Out of Control Policy Blog

Americans Commute Differently in Central Cities than in Metro Areas

Most Americans live in metropolitan regions consisting of communities, towns and cities anchored by one central city. The movement of goods and people does not stop at one city’s border. Sometimes policy makers are guilty of only studying the large central city and forming conclusions on commuter’s mode choices with this incomplete data. 

To examine the differences between cities and metro areas, I randomly selected ten metro areas of differing sizes and geographic locations from across the country. I compared data from the 2010 American Community Survey for the city and metropolitan areas of Atlanta, Cincinnati, Minneapolis, New Orleans, New York, Phoenix, Portland, Rochester, San Francisco, and Washington D.C. I examined the major commuting options surveyed by the census bureau. These options are driving alone, carpooling, riding public transit, biking, walking, and telecommuting.

2009 Percentage Commute Share in City Limit



City

Drive Alone

Carpool

Public Transit

Bike

Walk

Telecommute

Atlanta

66.6

8.0

12.7

0.7

4.4

5.7

Cincinnati

71.1

9.5

9.7

0.3

5.3

3.6

Minneapolis

61.6

8.4

13.9

3.7

6.7

4.3

New Orleans

68.0

12.4

7.0

1.8

5.3

3.5

New York City

23.0

5.4

55.2

0.7

10.2

3.8

Phoenix

74.0

13.8

3.5

0.6

1.8

4.1

Portland

60.4

9.4

12.0

5.4

5.4

6.0

Rochester, NY

70.3

9.9

8.4

1.1

6.2

2.7

San Francisco

38.1

7.9

32.6

3.0

9.8

6.7

Washington D.C.

35.9

6.5

37.6

2.2

11.9

4.7 

2009 Percentage Commute Share in Metropolitan Statistical Area



City

Drive Alone

Carpool

Public Transit

Bike

Walk

Telecommute

Atlanta

77.5

10.9

3.6

0.2

1.4

5.1

Cincinnati

82.0

9.0

2.5

0.1

2.2

3.5

Minneapolis

78.3

8.9

4.4

0.8

2.3

4.5

New Orleans

77.5

12.2

2.9

0.7

2.3

3.0

New York City

50.4

7.4

30.3

0.4

6.1

3.7

Phoenix

75.2

13.6

2.3

0.8

1.7

4.7

Portland

71.5

10.5

6.3

1.8

3.2

5.7

Rochester, NY

81.8

8.5

2.0

0.4

3.4

3.2

San Francisco

62.3

10.4

14.5

1.4

4.3

5.5

Washington D.C.

66.2

11.1

13.9

0.5

3.0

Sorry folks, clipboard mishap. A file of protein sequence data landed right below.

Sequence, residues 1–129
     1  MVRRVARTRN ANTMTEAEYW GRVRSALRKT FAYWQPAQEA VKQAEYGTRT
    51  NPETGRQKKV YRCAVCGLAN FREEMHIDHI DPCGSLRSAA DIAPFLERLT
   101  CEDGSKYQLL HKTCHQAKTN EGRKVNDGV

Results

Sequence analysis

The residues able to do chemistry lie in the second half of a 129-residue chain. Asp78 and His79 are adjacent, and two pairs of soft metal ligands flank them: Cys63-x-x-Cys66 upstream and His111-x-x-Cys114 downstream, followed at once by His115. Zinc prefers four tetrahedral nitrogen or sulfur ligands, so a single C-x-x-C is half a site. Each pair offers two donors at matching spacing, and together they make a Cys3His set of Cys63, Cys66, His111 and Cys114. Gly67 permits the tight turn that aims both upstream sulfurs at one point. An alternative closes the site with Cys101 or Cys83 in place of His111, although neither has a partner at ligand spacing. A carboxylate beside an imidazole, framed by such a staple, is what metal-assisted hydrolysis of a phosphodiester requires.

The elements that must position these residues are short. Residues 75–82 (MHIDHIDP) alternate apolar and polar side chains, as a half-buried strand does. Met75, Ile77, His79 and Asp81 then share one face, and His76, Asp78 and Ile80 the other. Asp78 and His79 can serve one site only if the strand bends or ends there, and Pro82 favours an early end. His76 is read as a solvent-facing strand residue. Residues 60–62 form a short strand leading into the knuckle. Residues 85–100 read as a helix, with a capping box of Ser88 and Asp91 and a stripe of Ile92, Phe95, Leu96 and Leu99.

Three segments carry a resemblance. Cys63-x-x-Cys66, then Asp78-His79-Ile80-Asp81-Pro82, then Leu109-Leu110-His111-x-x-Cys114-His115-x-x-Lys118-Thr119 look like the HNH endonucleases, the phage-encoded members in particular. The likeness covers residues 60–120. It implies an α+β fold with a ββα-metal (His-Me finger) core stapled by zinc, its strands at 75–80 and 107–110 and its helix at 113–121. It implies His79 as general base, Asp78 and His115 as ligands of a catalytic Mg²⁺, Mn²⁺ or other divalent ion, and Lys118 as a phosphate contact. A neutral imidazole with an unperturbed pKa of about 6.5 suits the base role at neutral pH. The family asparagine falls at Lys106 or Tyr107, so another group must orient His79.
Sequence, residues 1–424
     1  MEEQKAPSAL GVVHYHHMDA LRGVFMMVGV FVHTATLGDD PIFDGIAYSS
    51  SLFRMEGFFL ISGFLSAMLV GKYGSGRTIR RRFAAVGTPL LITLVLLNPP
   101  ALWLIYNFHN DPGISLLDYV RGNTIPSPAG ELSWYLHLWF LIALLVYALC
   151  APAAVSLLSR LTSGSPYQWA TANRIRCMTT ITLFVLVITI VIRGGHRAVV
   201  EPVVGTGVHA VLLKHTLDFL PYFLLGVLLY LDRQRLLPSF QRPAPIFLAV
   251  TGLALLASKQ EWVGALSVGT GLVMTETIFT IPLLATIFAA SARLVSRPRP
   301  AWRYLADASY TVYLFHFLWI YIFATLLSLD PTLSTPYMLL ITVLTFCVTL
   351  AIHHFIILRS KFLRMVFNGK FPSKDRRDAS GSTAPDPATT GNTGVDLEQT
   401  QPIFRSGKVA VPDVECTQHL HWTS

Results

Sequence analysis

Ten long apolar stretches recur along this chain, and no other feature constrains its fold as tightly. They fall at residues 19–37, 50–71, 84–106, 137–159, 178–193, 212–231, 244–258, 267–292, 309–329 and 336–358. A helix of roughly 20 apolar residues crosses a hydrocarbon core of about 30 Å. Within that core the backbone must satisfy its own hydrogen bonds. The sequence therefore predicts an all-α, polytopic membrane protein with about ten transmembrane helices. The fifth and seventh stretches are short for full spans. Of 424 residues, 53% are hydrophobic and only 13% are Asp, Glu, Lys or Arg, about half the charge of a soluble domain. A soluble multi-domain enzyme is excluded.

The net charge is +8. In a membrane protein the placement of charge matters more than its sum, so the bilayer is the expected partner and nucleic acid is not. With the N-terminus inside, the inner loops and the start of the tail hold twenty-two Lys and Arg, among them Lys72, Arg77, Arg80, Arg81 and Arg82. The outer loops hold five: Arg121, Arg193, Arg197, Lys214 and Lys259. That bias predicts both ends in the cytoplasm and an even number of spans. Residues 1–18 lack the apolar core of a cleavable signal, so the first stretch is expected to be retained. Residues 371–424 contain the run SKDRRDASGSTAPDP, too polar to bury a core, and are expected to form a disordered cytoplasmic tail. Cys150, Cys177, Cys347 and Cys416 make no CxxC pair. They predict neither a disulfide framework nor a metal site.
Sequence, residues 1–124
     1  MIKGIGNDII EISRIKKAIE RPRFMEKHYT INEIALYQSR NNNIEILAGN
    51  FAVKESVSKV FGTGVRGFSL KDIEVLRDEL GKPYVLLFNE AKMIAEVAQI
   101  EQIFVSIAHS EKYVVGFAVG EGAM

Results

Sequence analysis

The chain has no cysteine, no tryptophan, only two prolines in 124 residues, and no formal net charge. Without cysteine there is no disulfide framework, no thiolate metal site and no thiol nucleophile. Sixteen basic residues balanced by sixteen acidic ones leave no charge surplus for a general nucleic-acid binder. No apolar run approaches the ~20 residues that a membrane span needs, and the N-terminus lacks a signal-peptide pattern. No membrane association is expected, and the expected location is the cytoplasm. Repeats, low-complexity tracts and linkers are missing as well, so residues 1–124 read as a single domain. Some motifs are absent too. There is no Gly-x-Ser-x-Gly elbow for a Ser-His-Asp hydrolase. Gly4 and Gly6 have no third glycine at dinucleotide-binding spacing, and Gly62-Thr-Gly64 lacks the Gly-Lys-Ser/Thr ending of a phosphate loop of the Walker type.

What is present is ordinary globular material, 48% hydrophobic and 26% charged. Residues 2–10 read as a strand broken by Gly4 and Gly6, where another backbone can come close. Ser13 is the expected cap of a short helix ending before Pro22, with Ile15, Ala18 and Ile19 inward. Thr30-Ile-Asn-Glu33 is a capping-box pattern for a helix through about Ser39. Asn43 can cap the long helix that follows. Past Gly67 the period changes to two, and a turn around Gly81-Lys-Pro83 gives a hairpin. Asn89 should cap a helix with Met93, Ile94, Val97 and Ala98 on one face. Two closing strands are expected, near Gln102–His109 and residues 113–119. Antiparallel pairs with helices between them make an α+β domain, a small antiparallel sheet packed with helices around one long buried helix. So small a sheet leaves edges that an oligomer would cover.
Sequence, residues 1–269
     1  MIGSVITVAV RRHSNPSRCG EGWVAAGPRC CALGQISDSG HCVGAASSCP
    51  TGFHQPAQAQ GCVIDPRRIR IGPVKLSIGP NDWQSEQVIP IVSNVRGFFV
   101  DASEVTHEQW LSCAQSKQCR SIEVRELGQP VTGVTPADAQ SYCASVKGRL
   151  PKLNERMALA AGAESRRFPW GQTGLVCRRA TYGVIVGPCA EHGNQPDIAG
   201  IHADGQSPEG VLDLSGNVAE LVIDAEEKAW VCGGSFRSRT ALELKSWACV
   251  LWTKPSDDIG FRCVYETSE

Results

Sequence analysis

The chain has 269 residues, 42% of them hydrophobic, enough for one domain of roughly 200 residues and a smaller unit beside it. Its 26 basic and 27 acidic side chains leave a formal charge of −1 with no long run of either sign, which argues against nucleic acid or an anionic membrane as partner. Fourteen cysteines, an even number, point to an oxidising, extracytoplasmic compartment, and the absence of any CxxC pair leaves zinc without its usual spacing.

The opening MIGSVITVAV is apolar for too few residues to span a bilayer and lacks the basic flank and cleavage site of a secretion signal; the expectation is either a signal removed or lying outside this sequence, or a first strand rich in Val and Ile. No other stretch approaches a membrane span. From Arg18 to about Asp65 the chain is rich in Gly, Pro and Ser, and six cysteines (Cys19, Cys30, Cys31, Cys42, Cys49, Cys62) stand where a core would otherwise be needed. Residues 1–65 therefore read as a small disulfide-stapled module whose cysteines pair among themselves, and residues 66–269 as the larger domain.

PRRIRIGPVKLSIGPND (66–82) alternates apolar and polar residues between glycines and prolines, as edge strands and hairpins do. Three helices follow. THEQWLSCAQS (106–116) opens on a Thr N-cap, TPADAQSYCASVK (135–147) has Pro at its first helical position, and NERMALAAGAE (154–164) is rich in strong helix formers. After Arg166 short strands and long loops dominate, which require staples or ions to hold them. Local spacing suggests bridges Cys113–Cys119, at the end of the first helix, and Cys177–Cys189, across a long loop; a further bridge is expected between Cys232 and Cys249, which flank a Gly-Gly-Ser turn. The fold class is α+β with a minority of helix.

4.4

The data reveal the difference between cities and metro areas as a whole. In the metro area more than double the percentage of people drive alone compared to the city. Carpooling is typically more popular in the overall metro area but Cincinnati, New Orleans, Phoenix, and Rochester have higher carpooling rates in the city than in the metro area. Not surprisingly, transit usage is higher in the cities sometimes by a factor of three or four. Bicycling is typically 2-3 times as popular in the city as in the metro area except in Phoenix. Walking is more popular in the city typically by a factor of 3 or 4 than in the metro area. And telecommuting is slightly higher in the city.  

The data reveal single occupant vehicles as the primary commuting choice in every metro area and all cities except New York and Washington. Public transit usage varies by metro area and is highest in the largest cities. Walking continues to be a good option for many. Both New York and Washington have more than ten percent of their residents who commute by walking. Telecommuting is more popular than transit in six of the cities.

I want to detail bicycling and carpooling. First, while bicycling is growing it still has the lowest share of any mode. While bikers do comprise more than 5% of total commuters in the city of Portland, that number falls to less than 2% for the metro area as a whole. Many cities including New York fail to have bicycling commuting shares of 1% and many metro areas have bicycling shares below 0.5% including Cincinnati at 0.1%. 

While carpooling is significantly less popular than driving alone, it is the second largest commute choice in most metro areas and in some cities. Many metro areas are expanding the number of managed lanes. Managed lanes either charge a fee or require a minimum number of passengers to use the lane. As the number of managed lanes increases, the number of carpoolers may also increase. 

Cities and metro areas are two different geographies. Commute choices that are popular in one geography may not work in the other. As policymakers formulate solutions to traffic congestion, only examining central city commuting patterns to solve regional commuting challenges provides a misleading picture of the problem.

Baruch Feigenbaum is Transportation Policy Analyst


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